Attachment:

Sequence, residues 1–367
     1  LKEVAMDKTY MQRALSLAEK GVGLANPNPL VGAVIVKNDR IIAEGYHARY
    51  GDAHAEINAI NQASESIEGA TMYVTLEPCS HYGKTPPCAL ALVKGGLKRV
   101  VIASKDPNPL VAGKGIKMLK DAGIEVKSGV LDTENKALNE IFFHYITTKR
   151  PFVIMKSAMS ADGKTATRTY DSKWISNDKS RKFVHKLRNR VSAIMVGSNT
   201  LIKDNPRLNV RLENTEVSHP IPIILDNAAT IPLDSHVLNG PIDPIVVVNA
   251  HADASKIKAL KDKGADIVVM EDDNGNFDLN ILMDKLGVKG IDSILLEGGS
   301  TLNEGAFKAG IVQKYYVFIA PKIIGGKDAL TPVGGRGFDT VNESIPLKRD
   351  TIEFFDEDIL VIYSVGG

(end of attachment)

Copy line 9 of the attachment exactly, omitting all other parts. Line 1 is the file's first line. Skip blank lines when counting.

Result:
   351  TIEFFDEDIL VIYSVGG